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March 22, 2007

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Mark Wadsworth

This reminds me of a delightful article in The Onion ...

http://www.theonion.com/content/node/33482

Phil

"Extreme views, weakly held" - I like this a lot. Personally I believe in the abolition of wage labour, commodity production and the state, and their replacement by a world of abundance held in common. But I don't bang on about it all the time - and, if you were to point out that socialist X is talking less sense than conservative Y, my views are held weakly enough to let me consider that you might be right. I imagine Taylor's own Marxist leanings worked similarly.

(Or you could say that I haven't got the courage of my convictions - or that I've carefully chosen convictions that it's particularly hard to have the courage of. That's a possibility.)

Matt Munro

There's another phenomena from social psychology (forget the technical term) where, contrary to popular belief, groups who go into a dialogue with differing views tend not to end end up in a touchy feely love-in where concensus is reached, but that the process of discourse actually polarises opinion. Individual differences are magnified and become more oppositional and extreme than they were to start with.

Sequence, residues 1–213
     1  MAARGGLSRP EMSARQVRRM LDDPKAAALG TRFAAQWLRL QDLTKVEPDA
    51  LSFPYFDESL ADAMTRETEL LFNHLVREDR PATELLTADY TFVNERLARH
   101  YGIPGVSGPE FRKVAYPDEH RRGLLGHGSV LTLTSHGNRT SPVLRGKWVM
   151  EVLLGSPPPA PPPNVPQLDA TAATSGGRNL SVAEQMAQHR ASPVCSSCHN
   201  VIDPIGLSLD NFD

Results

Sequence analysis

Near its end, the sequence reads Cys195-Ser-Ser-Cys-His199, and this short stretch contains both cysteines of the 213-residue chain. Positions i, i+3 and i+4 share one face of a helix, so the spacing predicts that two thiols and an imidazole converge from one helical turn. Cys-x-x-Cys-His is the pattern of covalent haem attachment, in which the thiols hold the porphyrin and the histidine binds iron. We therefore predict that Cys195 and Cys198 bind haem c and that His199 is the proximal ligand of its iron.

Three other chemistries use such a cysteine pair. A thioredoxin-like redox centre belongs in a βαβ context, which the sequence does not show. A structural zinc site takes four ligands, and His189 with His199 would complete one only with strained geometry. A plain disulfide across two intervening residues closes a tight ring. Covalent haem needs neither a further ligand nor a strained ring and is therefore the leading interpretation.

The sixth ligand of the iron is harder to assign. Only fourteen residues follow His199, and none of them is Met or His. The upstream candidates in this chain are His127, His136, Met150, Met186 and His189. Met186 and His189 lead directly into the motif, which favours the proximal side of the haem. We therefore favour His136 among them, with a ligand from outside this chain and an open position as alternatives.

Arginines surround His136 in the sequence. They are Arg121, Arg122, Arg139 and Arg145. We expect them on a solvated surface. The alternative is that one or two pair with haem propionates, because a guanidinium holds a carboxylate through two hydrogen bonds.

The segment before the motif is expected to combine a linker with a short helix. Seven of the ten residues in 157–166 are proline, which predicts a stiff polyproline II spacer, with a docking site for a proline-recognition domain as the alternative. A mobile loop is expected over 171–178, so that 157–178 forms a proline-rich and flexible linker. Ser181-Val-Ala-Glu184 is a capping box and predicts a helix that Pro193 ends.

Under nulabs groupthink, and the way it encourages private opinion to become public through pressure groups, campaigns, petitions and all the other parapehnalia of minority politics, this polarisation of opinion is actually encouraged.
This is the theory behind the claim that multiculturalism, far from leading to greater understanding, actually fuels fanatacism.

dearieme

"people with centrist views can be irrational too": indeed. If they adopt them merely because they are centrist, they are certainly being irrational.

James Hamilton

"What puzzles me about so many people is not what they believe, but the sheer vehemence with which they do so." You can guess, can't you, without my saying, what that reminds me of, of whom.

dsquared

[What puzzles me about so many people is not what they believe, but the sheer vehemence with which they do so]